I heard back from the HR rep about my question on the pension situation and the answer, while meeting the standards of proper grammar, does not really answer the question. I realize this will become common place. For now, I'll wait until they roll up all the #'s and I'll probably be able to answer my own question. I did gather that I can't join the Taiwan pension program while holding a U.S. passport. Therefore, the company does [something else] and that's the part that I can't quite understand.

Sunday, December 27, 2009

Number crunching

I heard back from HR today and they requested a bunch of info about my income and expenses(insurance, 401k, tax rate) to be used in determining my compensation package. I think they are trying to come up with some scale factor to provide a comparable living in Taiwan and I'm sure they have some crazy complicated formula. I wonder what the whole pension component is so I asked the Taiwan HR rep. If I put a lot in 401k does that work against me because my takehome is less and they assume I don't NEED the money or will I get some comparable pension savings arrangement in Taiwan?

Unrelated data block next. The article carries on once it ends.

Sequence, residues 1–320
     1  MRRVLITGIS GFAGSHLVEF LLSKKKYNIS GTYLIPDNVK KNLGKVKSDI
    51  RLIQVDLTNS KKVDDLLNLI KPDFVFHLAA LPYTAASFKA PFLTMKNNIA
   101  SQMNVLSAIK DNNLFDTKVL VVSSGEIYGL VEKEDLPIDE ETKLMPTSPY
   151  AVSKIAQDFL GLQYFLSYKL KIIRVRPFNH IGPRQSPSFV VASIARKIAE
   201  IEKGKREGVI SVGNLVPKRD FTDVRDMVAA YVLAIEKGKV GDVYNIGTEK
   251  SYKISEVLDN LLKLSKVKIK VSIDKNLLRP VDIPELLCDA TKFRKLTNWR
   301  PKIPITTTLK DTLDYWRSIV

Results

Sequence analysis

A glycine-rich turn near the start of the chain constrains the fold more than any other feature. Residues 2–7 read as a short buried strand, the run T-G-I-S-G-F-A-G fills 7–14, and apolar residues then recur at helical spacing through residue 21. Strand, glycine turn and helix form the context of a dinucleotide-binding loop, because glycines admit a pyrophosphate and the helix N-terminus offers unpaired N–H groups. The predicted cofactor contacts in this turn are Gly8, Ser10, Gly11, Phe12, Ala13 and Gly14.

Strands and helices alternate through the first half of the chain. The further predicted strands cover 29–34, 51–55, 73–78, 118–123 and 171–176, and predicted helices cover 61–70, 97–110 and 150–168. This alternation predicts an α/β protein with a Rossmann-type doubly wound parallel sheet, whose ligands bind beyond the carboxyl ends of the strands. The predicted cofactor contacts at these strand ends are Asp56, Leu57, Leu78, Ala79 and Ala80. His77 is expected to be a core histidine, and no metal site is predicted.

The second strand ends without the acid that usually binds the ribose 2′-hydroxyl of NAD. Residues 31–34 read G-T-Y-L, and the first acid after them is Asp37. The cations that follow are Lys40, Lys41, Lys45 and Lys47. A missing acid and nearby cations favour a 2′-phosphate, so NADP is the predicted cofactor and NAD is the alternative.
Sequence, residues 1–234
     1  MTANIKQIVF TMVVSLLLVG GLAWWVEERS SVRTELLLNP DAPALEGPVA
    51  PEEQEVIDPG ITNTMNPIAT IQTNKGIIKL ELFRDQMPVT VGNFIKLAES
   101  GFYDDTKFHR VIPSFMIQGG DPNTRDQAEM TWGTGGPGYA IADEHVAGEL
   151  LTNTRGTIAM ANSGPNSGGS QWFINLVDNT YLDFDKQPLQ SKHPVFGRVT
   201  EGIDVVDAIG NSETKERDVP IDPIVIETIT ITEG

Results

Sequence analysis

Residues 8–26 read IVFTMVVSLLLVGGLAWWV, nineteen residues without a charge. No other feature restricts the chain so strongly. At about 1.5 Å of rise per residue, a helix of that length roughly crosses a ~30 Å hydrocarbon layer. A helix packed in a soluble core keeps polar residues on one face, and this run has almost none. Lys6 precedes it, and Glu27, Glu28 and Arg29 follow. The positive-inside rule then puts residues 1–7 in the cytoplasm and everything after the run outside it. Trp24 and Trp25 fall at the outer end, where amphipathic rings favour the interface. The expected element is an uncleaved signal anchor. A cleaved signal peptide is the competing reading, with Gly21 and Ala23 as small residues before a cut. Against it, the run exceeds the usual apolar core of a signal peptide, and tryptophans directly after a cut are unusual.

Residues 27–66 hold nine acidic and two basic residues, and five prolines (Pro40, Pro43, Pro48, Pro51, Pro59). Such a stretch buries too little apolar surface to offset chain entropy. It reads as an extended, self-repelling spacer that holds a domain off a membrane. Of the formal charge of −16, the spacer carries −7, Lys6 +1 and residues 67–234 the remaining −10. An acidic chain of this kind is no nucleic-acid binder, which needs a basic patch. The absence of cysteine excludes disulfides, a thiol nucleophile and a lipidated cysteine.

We saw the movie Avatar today and the idea of the humans living among the na'vi and assimilating into the race drew some parallels in my mind to the potential life in Taiwan. The protagonist learned the native language in 3 months. I'll be lucky if I can order cold soy milk in Mandarin and not get dried deer penis instead.

Saturday, December 26, 2009

XMAS in Taiwan?

We are at Shirley's parents' house for XMAS along with her sister and brother-in-law and Shirley found the opportunity to conveniently segway into, "speaking of Taiwan...we might be moving there." I was afraid it would be met with much more drama but, not so. Her mom grew up in Taiwan and her Dad was an American living in Taiwan when they met so they have some very valuable insight into living there.